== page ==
E-cadherin-knockdown cells displayed EMT in vivo

In 468-shCDH1-B and 468-shCDH1-D tumors, the majority of the cells showed strong vimentin staining, indicating widespread EMT in these tumors (Fig. 7a). This is in contrast to the in vitro findings with these cells, where vimentin mRNA was not induced constitutively after E-cadherin reduction (Fig. 3c, comparing no EGF controls). To determine whether global induction of vimentin in these E-cadherin-knockdown tumors was due to the 3D state in vivo, we cultured each of the control and sh-CDH1 cells in 3D Matrigel compared with 2D monolayer cultures. We confirmed the lack of vimentin mRNA induction seen in 2D (Fig. 3) and found no further stimulation when the cells were cultured in the 3D environment (Fig. 7c).

The increased in vivo expression of vimentin protein by IHC in 468-shCDH1-B tumors corresponded with upregulated expression of vimentin in matching xenograft tumor RNA (Fig. 8). SNA1 was also significantly upregulated in these tumors. This correlated with a significant downregulation of the estrogen receptor alpha (ESR1), a known Snail1 transcriptional target for repression [76]. SNA1 was variably expressed in a pattern similar to that observed for vimentin, where it was induced in vivo in the E-cad-knockdown tumors but not in vitro, and ESR1 followed suit (Fig. 8). Inhibin, beta A (INHBA) and LAMC2 were also upregulated in the E-cadherin-knockdown 468 lines grown in vivo, whereas this was not seen when the cells were plated in 2D culture, and FOSL1 was more highly expressed in vivo (Fig. 8).
Fig. 8

Quantitative polymerase chain reaction gene expression analyses of 468-shCDH cell xenografts (in vivo) versus plated in 2D culture (in vitro). Results shown are average expression of RNA extracted from three tumors or from three biological replicates of cells plated in 2D. Error bars represent SE. Significance was set at p < 0.05 and is indicated by asterisk and determined by Student’s paired t test (compared with 468-shSCR control). ΔCT Cycle threshold change, SCR Scrambled, WT Wild type, ESR1 Estrogen receptor alpha, INHBA Inhibin, beta A, SNAI1 Snail family transcriptional repressor 1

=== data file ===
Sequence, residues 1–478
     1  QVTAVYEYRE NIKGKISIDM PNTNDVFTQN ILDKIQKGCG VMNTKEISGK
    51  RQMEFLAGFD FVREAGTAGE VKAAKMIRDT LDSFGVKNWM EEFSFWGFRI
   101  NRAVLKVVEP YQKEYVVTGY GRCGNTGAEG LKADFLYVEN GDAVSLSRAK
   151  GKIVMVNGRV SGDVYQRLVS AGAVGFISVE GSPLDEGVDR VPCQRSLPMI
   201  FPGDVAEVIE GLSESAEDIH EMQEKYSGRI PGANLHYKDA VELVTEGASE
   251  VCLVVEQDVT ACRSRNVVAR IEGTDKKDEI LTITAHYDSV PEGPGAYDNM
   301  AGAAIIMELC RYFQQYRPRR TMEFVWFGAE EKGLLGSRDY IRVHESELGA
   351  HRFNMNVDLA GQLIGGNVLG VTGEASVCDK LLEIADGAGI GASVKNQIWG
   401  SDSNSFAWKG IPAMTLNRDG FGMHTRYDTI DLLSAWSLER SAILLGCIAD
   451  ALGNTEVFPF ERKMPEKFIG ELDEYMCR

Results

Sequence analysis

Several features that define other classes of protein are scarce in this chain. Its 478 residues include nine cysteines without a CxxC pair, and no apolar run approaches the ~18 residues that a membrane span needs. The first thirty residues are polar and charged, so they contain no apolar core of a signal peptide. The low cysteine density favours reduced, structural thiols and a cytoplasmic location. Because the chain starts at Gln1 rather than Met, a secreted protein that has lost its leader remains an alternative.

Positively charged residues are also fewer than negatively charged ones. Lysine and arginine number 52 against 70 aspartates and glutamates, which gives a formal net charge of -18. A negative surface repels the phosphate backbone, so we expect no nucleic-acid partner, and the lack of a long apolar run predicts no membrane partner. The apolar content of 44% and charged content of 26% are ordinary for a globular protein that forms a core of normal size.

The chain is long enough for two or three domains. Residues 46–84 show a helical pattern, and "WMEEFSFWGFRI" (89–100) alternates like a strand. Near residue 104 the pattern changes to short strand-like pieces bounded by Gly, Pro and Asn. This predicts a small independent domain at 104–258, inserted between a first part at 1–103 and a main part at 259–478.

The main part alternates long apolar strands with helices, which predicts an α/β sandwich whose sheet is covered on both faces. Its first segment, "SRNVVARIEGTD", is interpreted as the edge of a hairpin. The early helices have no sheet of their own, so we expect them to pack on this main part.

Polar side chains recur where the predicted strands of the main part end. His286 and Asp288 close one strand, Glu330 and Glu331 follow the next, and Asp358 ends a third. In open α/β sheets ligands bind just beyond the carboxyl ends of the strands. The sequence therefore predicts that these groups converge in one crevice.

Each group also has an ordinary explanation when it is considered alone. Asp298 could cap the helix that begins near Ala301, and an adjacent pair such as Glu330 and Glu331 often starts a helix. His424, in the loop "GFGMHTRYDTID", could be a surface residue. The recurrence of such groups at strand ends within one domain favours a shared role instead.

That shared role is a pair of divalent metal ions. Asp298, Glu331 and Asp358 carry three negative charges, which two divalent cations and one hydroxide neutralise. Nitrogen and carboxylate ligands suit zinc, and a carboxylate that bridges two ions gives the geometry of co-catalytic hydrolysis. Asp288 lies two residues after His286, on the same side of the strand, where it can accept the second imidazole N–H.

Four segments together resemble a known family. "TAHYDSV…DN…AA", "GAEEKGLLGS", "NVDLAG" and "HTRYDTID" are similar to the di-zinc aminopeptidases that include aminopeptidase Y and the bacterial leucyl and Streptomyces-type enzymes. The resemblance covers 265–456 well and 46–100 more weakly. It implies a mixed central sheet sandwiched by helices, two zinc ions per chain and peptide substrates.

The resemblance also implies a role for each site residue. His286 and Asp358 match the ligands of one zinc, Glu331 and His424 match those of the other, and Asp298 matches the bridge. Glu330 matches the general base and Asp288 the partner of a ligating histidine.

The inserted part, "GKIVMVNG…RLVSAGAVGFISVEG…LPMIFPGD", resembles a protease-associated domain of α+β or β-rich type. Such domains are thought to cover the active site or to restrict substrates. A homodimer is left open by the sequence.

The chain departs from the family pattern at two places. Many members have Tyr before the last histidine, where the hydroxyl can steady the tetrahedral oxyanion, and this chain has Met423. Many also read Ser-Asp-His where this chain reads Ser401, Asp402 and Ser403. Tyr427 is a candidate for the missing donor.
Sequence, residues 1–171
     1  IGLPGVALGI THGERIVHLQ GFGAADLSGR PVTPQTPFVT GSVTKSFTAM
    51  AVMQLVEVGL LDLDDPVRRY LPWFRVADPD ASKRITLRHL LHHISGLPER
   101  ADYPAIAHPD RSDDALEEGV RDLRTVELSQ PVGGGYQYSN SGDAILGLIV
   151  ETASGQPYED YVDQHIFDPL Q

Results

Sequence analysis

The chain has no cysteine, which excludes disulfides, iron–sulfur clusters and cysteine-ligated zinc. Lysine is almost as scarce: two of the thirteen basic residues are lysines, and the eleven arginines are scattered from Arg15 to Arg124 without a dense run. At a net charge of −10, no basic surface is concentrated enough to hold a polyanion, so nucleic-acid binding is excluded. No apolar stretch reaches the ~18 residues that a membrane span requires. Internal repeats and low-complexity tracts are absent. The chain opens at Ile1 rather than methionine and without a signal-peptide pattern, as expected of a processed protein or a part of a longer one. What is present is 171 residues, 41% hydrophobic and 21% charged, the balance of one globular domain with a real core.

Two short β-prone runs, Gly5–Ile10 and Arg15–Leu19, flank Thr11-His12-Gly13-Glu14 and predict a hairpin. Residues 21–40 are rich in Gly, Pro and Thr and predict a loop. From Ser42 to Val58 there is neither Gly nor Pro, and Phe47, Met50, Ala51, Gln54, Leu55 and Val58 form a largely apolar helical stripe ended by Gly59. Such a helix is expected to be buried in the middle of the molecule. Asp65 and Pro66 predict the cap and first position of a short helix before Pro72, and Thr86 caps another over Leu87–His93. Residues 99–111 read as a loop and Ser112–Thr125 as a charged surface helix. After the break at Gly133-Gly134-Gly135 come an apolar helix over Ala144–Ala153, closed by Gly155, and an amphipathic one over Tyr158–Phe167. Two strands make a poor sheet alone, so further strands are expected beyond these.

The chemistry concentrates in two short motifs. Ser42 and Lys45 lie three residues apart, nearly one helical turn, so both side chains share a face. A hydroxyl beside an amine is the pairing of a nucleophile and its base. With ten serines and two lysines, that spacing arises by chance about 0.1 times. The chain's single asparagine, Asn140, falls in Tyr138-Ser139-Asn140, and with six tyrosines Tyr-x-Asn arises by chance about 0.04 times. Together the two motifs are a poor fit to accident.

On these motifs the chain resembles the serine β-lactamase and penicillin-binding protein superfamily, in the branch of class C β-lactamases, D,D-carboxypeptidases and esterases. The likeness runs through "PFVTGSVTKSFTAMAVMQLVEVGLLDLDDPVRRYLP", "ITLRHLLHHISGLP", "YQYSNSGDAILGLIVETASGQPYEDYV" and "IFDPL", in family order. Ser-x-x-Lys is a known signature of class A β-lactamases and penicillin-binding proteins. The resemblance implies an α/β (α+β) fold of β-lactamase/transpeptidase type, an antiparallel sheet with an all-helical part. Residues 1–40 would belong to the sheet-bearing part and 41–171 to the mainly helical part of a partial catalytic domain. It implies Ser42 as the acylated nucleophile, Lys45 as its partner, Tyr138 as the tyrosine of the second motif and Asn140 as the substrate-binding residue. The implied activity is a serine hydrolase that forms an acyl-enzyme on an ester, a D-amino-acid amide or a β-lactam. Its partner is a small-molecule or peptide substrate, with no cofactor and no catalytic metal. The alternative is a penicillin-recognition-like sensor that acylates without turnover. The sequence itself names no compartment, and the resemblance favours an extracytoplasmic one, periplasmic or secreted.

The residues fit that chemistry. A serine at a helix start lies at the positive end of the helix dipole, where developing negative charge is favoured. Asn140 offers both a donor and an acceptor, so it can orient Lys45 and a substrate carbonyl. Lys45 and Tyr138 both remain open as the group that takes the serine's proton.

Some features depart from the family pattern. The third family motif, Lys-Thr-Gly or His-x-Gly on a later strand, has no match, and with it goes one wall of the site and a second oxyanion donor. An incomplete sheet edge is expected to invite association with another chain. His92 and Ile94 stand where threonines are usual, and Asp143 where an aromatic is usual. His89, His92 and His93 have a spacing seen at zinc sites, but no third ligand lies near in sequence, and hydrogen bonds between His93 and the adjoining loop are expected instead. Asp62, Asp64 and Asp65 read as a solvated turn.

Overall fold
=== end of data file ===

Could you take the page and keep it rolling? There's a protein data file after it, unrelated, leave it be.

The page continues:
E-cadherin was expressed in tumor emboli located within local vasculature, regardless of E-cadherin manipulation status

All WT, 468-SCR, and 468-pcDNA3 groups displayed features similar to those shown in Fig. 2. E-cadherin was homogeneously expressed in all groups, except for the 468-shCDH1-B and 468-shCDH1-D tumors, where it was expressed at a less intense level than the control and in a heterogeneous pattern (Fig. 9a, lower right panel). Although local lymphovascular invasion (LVI) was seen across all the tumor groups, no clear association was detected between LVI and the E-cadherin status of the primary xenograft (Table 6). Generally, LVI was more apparent in larger tumors, except for the 468-shCDH1-B and 468-shCDH1-D groups, where the LVI was clearly seen even with smaller primary tumors (Fig. 9c).
Fig. 9

a. Dual immunohistochemistry staining (red = vimentin, brown = E-cadherin) of CDH1-modified cell line xenografts. Original magnification × 40 and × 400. b Closer inspection of 468-shCDH1-B (top, hematoxylin and eosin [H&E] staining; bottom, dual E-cadherin and vimentin staining) with higher-magnification inset. Scale bar = 50 μm. c Two types of extratumoral local lymphovascular invasion observed in tumors. Invaded cells presented as tumor emboli composed of well-cohesive tumor cells (top panel, left), and more rarely seen invaded cells remained as scattered individual cells (top row, right). 468-shCDH1-B tumor emboli were smaller than the rest and composed of loosely adhered cells (middle row). Tumor cells were also observed within intratumoral blood vessels of 468-shCDH1-B tumors (bottom row). WT Wild type

Table 6

Local lymphovascular invasion

Group

Number of mice inoculated

With tumors

With local invasion

Percentage of invasion

468-shSCR

13

13

8

61.5

468-shCDH1-B

13

13

8

61.5

468-shCDH1-D

12

12

11

91.7

468-pcDNA3

12

9

5

41.7

468-CDH1

12

12

11

91.7